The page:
An additional building, called a “stöckli”, is often located on premises.  This building is most often used as a retirement home for the parents when they pass the farm down to the youngest male child.  That child is then obligated to provide for the parents in their retirement.  At Vorder Giebel, the main living area of the stöckli was also used as a meeting place for a new church in the area which later moved to its own building down the road.  More will be explained about the church under the History section.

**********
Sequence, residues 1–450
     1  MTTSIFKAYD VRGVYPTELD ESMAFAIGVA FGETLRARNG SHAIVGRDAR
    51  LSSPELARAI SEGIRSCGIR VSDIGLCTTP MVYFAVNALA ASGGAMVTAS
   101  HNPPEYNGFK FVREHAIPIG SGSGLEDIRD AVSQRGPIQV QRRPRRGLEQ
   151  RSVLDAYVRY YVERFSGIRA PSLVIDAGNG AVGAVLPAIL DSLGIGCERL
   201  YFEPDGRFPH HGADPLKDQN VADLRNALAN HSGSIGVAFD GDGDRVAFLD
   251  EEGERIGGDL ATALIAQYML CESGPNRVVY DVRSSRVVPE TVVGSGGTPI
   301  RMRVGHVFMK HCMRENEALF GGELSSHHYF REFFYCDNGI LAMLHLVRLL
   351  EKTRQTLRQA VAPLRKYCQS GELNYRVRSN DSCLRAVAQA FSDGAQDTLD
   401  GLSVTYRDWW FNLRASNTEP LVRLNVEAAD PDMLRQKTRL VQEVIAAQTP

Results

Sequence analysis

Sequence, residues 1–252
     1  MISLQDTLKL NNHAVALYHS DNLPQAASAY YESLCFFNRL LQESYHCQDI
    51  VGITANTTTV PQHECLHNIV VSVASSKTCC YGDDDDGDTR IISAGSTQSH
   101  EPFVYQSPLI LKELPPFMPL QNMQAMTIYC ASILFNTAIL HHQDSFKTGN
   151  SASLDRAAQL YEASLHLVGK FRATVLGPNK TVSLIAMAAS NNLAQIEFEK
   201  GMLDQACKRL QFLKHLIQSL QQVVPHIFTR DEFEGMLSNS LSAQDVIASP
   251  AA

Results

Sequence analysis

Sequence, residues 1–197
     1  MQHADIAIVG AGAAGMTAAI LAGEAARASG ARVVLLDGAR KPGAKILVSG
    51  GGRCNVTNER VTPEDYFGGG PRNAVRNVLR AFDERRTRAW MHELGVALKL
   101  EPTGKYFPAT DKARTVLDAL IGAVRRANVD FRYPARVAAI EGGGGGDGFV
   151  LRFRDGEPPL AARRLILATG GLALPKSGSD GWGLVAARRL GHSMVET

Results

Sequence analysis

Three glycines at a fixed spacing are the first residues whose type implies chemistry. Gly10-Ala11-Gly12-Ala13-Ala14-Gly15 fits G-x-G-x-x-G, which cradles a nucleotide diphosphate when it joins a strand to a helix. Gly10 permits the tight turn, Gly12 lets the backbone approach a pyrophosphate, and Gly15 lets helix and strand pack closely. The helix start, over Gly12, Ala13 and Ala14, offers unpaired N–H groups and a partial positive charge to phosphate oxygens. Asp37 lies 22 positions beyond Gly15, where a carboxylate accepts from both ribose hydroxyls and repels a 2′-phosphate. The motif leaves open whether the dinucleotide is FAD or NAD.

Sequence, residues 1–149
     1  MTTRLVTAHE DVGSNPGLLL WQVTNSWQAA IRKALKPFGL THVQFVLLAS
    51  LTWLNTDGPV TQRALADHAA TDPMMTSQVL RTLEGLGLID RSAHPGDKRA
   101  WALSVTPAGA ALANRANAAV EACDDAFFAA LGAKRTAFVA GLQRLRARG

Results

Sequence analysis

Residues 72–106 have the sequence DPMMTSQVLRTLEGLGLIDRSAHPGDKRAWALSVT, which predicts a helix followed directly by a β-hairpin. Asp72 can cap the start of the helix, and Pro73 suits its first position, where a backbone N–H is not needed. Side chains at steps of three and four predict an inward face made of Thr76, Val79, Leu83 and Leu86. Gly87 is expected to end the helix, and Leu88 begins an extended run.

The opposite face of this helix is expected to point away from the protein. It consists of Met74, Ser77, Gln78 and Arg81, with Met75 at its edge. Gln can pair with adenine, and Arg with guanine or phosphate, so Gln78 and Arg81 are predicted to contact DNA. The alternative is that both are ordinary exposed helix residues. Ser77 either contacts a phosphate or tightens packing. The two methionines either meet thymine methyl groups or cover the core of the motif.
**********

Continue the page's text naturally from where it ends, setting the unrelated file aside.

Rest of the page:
The houses throughout Emmental region have long and various histories.  This section is devoted to the history of Vorder Giebel.  The exact date of first construction in the area is unknown.  When mentioning Giebel, most early documents do not delineate specific farms.  Therefore, it is difficult to know who inhabited which house.  There was an early mention of Giebel (or Gibel) in a book published in 1976 called “Ortsnamenbuch Des Kantons Bern” by Paul Zinsli  which records a 1297 reference for the area of Giebel near Langnau as “Ghibuln”.  So, we know that the location of Giebel was well-known and likely populated from very long ago.  In that book, you will find many early spellings of Giebel, such as “Gibell”, “Ghibuln”, “Giblen”, “Gybel”, etc.  Most earlier references to the house use the spelling “Gibel”.  In the 1800’s, it was more often spelled as “Giebel”.  More recently, the spelling has reverted on many maps to “Gibel” again.